IPO

Rocket Cos. Shares Rise 19 Pct On IPO Debut

Rocket Cos. Shares Rise 19 Pct On IPO Debut

It appears that billionaire Daniel Gilbert, the 58-year-old founder of Quicken Loans and Rocket Mortgage, made the right call when he trimmed the size of the company’s initial public offering (IPO) by more than $1 billion.

Shares of Rocket Cos. Inc. rose 19.5 percent to $21.51 following its debut on the New York Stock Exchange on Thursday (Aug. 6) under the ticker “RKT,” after opening at $18.00 a share, the same as its IPO price.

“If I can borrow a line from [Amazon CEO] Jeff Bezos, ‘We’re in a get-rich-slow scheme here,’ with 35 years in,” Gilbert told CNBC’s Squawk Box. “It’s the right move for our company at this time; we have thousands of people working for the company and they’re shareholders now, which is a great thing.”

The company sold 100 million shares, down from the 150 million it had planned for the IPO, to raise $1.8 billion, which valued the company at around $36 billion.

On Wednesday (Aug. 5), Rocket Cos., the Detroit-based parent of mortgage lending giant Quicken Loans, reduced its bid to go public to $2 billion.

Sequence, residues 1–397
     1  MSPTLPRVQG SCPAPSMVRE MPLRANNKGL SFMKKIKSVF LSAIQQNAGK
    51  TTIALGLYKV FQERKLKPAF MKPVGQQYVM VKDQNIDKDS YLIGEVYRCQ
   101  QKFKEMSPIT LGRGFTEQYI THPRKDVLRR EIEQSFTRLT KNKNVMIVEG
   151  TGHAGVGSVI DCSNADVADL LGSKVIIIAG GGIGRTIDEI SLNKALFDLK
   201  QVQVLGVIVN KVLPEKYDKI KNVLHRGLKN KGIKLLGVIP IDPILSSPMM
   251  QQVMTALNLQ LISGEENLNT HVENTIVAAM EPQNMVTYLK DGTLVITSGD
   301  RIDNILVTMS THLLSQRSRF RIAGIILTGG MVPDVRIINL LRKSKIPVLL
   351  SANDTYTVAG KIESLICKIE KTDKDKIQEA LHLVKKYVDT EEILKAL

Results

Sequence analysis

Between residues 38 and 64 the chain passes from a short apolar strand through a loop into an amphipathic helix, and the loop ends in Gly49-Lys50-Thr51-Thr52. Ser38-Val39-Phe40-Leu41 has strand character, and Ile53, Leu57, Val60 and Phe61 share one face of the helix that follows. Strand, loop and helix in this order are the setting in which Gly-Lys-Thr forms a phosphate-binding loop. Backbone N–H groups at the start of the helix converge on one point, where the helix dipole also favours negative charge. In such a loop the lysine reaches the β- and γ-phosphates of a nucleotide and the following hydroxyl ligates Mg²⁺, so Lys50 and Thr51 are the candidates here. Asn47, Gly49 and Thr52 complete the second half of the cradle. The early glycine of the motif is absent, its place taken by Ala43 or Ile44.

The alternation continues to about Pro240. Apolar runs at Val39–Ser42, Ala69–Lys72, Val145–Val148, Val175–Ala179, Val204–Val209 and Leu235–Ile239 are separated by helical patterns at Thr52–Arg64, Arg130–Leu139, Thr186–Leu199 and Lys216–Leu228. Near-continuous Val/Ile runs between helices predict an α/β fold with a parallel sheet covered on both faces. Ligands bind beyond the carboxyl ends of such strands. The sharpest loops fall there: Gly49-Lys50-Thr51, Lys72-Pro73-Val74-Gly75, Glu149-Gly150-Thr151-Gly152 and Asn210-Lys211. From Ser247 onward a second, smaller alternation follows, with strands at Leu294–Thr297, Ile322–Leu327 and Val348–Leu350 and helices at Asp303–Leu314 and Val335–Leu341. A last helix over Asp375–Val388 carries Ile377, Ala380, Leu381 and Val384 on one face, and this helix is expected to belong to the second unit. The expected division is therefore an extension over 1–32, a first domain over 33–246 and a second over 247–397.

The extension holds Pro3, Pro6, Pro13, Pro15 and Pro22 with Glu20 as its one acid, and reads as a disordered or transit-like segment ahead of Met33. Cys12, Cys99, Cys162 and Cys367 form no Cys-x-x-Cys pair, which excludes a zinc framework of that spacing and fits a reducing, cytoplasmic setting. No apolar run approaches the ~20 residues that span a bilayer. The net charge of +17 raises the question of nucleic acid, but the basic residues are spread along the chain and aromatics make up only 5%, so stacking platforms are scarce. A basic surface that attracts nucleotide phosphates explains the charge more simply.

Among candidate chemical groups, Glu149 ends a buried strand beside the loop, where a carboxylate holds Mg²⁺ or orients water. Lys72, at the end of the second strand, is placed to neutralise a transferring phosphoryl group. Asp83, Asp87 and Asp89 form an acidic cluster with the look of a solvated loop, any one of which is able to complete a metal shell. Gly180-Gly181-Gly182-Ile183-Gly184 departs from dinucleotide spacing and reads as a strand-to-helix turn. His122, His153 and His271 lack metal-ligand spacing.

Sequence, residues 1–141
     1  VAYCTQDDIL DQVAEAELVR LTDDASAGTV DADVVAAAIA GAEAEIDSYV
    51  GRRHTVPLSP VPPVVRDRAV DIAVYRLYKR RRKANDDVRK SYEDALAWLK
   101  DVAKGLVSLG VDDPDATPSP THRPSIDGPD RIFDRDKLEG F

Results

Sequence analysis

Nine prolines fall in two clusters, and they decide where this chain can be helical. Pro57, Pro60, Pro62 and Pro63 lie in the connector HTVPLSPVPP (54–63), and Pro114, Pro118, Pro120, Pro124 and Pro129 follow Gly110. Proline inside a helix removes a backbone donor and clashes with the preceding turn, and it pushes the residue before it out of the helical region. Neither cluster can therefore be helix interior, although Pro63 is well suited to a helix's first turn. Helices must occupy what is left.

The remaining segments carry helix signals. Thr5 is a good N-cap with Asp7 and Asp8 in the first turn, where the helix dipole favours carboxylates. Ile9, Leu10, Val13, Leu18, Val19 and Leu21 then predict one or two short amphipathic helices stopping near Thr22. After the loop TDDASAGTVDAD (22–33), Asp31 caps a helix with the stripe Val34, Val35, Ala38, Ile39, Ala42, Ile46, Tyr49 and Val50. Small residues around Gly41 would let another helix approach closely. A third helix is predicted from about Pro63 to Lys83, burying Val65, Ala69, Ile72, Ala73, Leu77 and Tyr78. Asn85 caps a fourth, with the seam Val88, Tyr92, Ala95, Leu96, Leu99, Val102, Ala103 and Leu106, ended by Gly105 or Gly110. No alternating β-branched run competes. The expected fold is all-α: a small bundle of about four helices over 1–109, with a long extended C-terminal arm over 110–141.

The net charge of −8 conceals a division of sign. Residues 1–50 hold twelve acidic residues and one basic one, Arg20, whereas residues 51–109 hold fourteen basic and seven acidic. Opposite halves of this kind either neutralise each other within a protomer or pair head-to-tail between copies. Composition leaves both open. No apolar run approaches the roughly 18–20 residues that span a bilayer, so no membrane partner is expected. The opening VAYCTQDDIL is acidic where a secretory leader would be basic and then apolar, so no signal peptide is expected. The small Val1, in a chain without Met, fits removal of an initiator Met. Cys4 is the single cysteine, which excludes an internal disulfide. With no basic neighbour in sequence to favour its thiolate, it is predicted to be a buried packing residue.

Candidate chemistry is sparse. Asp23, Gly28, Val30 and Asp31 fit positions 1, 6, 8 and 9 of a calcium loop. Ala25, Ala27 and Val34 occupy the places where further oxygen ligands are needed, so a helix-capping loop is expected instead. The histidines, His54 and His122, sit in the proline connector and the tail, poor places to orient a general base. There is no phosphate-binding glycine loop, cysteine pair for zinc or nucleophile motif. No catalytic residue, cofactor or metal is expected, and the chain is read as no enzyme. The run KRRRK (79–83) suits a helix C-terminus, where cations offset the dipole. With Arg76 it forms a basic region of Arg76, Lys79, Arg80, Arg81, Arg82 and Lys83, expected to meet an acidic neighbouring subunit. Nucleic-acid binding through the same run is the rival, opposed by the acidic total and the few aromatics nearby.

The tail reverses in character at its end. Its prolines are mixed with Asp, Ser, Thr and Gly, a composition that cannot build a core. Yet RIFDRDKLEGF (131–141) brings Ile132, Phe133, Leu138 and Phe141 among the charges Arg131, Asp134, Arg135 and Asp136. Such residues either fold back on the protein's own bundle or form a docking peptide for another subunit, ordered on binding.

Last month, Gilbert sought an IPO for $3.3 billion and offered 150 million shares for $20 to $22 each, seeking to raise about $2 billion, according to a filing with the Securities and Exchange Commission (SEC). That would have valued Rocket at $43.7 billion.

CEO Jay Farner batted away a question about bringing the cool reception to the higher valuation. “We are pretty excited about where we’re at here, and as you know, this is art more than a science,” he told the network.

Rocket’s lukewarm reaction to its initial plan to go public suggests that the company failed to convince investors that its mortgage platform business deserved higher than a $3 billion valuation, similar to the ones distributed by tech companies in Silicon Valley, Reuters reported.

“You’re seeing a low-rate environment in conjunction with decreased (mortgage) applications,” Michael Underhill, chief investment officer for Capital Innovations, the Wisconsin-based firm that invests in IPOs, told Reuters. “So, investors are being very cautious, very surgical and ... if it’s not a rock-solid business model, they’re not really interested in buying at the IPO.”

Still, at an IPO price of $18, Rocket ranks as the third-largest U.S. listing of 2020, excluding blank-check companies, Reuters reports. Only Royalty Pharma, the New York-based biopharmaceutical company, and the New York’s global record label conglomerate Warner Music Group, had bigger stock market debuts this year.

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